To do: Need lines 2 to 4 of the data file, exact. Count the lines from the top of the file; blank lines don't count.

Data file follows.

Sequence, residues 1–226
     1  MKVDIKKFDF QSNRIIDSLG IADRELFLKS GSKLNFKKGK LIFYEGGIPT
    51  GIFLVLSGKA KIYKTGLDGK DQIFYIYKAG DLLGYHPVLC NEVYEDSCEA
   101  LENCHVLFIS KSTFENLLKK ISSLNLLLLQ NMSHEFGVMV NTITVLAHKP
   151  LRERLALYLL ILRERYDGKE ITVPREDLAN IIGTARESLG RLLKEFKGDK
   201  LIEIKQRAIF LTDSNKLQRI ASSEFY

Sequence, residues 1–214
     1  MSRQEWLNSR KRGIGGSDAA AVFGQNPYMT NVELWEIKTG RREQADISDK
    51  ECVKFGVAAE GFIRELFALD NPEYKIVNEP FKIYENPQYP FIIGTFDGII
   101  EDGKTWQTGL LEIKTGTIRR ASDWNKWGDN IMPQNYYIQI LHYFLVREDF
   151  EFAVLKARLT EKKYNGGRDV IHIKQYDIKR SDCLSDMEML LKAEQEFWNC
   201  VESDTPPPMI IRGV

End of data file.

     1  MKVDIKKFDF QSNRIIDSLG IADRELFLKS GSKLNFKKGK LIFYEGGIPT
    51  GIFLVLSGKA KIYKTGLDGK DQIFYIYKAG DLLGYHPVLC NEVYEDSCEA
   101  LENCHVLFIS KSTFENLLKK ISSLNLLLLQ NMSHEFGVMV NTITVLAHKP